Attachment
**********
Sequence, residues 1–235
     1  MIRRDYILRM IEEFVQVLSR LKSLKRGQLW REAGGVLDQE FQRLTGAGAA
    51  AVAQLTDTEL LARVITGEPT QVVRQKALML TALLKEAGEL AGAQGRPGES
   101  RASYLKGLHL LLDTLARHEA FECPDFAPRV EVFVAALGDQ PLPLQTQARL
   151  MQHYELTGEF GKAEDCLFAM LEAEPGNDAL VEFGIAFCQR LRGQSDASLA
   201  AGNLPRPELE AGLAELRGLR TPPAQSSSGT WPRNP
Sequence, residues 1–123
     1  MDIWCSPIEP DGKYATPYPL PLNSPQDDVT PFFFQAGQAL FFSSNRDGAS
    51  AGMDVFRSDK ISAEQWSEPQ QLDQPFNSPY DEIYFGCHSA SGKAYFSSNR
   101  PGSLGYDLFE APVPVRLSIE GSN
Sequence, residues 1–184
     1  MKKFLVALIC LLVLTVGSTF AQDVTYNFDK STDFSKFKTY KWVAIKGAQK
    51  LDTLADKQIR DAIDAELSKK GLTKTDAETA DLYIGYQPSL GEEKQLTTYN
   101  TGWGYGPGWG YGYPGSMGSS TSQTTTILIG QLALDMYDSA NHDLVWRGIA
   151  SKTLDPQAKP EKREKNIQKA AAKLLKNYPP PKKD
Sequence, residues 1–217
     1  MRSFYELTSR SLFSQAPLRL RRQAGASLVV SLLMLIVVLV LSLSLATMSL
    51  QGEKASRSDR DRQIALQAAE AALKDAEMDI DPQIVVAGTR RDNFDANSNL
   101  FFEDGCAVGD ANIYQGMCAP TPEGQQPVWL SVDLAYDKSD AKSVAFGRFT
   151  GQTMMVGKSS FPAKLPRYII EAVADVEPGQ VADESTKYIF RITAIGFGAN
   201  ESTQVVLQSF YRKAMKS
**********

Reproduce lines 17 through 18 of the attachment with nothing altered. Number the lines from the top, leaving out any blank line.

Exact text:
     1  MRSFYELTSR SLFSQAPLRL RRQAGASLVV SLLMLIVVLV LSLSLATMSL
    51  QGEKASRSDR DRQIALQAAE AALKDAEMDI DPQIVVAGTR RDNFDANSNL